BY NICK IRONSIDE // OCT. 12, 2012 // Students are apparently key members in the effort to reform history. However, only nine showed up to hear renowned political activist Tom Hayden speak on campus Thursday night. Hayden, a social and political activist who was among the leaders of the U.S. anti-war movements of the 1960s, addressed a crowd of about […]
BY NICK IRONSIDE // OCT. 12, 2012 //
Students are apparently key members in the effort to reform history. However, only nine showed up to hear renowned political activist Tom Hayden speak on campus Thursday night.
Hayden, a social and political activist who was among the leaders of the U.S. anti-war movements of the 1960s, addressed a crowd of about 50 in the Keith Auditorium last night. The crowd largely consisted of local residents, Curry faculty and staff, and members of the “Milton For Peace” organization.
“I didn’t think that hardly anybody would show up,” said junior politics and history major Matthew Hirsch, adding that “thirsty Thursday”—a moniker for end-of-the-week partying—likely kept a lot of students from attending Hayden’s talk.
Hirsch took notes throughout the talk and said he attended, in part, “to get Mr. Hayden’s view on foreign policy.”
In addition to speaking about his experiences through the Civil Rights movement and Vietnam protests, Hayden live-tweeted analysis of the vice presidential debate for the Los Angeles Times Web site. The debate was televised in Keith.
Hayden was initially invited to town by “Milton For Peace,” a local organization that works to “educate and engage Milton residents in non-violent action to end the wars in Iraq and Afghanistan,” according to their Web site. Curry Politics & History Department Chairman Larry Hartenian worked with the community organization in finding a place on campus to host Hayden’s talk.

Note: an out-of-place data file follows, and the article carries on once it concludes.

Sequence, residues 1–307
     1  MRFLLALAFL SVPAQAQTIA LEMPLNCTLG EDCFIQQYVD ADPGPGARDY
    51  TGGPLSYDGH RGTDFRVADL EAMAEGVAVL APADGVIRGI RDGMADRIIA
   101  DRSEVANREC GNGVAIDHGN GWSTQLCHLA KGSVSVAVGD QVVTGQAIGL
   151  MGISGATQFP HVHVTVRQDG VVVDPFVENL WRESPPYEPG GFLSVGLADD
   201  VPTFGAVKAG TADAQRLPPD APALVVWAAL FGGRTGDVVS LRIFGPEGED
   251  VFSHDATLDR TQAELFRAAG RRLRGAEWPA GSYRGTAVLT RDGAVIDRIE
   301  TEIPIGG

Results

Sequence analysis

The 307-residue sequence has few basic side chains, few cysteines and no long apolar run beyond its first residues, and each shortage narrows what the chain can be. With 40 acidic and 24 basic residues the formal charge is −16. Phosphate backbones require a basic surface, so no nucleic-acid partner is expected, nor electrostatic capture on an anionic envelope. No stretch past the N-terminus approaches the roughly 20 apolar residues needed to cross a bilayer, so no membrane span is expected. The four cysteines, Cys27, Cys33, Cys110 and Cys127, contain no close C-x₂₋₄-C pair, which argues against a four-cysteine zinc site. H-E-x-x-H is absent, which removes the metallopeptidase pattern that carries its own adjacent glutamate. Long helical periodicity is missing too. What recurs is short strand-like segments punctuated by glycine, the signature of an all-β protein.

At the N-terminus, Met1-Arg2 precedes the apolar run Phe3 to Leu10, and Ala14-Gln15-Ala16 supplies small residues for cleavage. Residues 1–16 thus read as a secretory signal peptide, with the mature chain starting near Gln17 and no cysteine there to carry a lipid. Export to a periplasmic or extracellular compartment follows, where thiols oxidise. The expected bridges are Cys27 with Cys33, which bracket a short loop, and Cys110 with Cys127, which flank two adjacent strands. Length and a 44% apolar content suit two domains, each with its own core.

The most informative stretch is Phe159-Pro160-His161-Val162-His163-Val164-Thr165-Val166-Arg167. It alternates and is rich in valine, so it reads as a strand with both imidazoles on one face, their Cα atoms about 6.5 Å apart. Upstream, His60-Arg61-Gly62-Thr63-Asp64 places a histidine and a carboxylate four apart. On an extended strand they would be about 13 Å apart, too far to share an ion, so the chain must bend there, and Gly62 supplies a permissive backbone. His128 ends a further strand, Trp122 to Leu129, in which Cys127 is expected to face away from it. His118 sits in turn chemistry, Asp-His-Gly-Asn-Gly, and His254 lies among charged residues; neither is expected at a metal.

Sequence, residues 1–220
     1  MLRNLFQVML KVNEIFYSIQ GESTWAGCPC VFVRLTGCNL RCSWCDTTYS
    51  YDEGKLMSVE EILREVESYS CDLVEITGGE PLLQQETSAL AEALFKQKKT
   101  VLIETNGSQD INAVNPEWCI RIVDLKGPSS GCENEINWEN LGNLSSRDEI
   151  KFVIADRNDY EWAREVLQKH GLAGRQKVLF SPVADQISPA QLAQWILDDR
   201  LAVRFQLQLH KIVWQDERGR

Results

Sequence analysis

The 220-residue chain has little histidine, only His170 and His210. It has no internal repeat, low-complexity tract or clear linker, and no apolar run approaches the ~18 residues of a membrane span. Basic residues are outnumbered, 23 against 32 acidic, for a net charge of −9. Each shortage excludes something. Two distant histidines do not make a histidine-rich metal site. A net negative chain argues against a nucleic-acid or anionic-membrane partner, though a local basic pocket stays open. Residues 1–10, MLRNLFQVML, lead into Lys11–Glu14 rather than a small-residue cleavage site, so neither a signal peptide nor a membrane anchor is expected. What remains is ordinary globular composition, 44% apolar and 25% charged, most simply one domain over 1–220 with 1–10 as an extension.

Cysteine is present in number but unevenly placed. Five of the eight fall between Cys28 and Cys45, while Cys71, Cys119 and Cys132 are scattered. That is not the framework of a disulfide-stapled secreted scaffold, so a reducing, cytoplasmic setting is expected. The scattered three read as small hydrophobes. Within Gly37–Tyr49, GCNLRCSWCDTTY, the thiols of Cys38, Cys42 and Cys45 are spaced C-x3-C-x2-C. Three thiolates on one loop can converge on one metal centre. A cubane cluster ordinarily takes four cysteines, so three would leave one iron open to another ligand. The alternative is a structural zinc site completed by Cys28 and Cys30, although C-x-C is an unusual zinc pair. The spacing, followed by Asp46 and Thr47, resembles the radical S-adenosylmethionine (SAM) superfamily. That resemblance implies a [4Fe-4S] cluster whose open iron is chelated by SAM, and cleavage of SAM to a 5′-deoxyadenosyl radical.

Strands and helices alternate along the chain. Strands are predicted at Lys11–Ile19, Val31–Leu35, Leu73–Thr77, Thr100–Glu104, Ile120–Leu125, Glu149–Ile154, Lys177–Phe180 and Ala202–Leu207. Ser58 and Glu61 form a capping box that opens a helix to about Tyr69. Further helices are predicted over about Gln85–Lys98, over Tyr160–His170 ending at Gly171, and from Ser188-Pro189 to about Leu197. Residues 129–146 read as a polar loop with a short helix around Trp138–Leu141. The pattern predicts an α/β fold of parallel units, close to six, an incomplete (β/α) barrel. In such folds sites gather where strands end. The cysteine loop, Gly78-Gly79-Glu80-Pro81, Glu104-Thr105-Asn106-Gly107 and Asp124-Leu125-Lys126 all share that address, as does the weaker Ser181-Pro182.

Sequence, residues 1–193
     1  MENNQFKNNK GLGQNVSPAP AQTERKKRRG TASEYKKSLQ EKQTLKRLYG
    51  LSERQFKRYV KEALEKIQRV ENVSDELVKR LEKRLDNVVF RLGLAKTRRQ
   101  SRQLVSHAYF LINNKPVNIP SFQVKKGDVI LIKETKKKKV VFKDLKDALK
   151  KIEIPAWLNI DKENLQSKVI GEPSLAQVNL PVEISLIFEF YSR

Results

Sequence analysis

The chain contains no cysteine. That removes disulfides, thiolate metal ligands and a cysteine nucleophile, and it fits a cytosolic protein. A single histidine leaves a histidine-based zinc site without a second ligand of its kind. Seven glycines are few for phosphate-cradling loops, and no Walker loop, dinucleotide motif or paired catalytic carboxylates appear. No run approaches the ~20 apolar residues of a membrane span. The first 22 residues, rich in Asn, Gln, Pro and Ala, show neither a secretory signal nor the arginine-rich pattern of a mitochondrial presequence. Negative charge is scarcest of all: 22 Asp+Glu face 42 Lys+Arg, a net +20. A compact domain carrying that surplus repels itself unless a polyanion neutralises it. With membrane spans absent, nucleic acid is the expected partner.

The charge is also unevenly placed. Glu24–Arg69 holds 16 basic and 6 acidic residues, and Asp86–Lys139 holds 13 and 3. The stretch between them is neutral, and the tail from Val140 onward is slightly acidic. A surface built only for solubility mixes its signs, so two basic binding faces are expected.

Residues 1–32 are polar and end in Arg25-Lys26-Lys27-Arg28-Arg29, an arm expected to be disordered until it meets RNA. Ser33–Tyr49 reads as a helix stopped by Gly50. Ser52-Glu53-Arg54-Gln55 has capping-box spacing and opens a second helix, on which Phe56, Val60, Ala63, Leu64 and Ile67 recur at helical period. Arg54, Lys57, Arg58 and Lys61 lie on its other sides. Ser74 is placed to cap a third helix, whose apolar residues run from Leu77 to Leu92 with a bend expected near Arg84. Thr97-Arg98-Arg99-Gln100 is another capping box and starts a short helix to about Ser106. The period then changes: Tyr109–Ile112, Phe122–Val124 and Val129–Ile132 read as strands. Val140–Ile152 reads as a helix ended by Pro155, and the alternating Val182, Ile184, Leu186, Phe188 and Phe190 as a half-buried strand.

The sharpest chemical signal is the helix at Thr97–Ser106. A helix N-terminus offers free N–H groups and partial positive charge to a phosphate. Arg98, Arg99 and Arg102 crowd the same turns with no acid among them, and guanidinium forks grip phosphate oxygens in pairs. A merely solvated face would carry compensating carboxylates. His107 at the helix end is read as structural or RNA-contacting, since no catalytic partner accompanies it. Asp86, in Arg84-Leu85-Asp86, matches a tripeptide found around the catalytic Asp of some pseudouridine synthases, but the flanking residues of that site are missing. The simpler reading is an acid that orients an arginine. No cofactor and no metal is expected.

Hayden told the story of how he started as a social and political activist. He was covering the 1960 Democratic Convention as a newspaper reporter as his first job out of college. One of the picketers at the convention was Dr. Martin Luther King Jr., who Hayden met and interviewed.
He quickly realized that King was at the convention “with a purpose,” said Hayden. He, on the other hand, “was there to get a byline.” That realization jolted Hayden into a life of hands-on activism.
Some 50 years later, the now 72-year-old is the author of eight books and a former member of the California State Senate, from 1992-2000. And he still speaks passionately about the problems of war.
“I guess there are still some people who believe we can afford two to three wars and health care at the same time,” said Hayden, referencing the wars in Iraq and Afghanistan.
But even as he cited college-aged people as key members of political reformation, the message seemingly fell flat given that only nine Curry students were there to hear it. When the talk wrapped up at around 9 p.m., just one of those students stuck around Keith to watch the vice presidential debate.
Apparently, it’s hard to start a revolution on Thirsty Thursday.